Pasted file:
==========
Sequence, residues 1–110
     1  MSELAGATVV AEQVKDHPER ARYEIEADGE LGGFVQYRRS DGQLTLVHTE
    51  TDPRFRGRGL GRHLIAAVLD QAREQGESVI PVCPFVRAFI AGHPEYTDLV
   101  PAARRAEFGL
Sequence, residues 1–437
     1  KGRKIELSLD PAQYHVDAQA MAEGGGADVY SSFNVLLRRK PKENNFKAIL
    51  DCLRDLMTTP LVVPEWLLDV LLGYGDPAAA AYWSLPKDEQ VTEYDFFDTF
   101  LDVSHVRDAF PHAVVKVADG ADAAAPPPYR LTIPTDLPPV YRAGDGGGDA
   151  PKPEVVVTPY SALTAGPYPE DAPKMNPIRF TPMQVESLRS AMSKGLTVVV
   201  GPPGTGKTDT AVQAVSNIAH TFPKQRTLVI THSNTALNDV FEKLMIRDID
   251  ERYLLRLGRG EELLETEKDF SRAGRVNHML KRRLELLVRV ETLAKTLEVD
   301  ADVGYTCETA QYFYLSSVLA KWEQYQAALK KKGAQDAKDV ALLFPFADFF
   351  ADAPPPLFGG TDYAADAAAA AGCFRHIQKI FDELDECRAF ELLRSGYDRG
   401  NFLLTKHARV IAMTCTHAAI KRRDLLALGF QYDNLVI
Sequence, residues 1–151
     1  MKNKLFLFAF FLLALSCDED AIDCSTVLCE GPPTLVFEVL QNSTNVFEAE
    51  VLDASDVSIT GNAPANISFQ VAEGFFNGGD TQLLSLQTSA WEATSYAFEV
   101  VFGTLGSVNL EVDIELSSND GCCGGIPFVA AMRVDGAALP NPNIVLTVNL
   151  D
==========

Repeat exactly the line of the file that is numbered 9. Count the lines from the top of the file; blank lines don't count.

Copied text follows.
   151  PKPEVVVTPY SALTAGPYPE DAPKMNPIRF TPMQVESLRS AMSKGLTVVV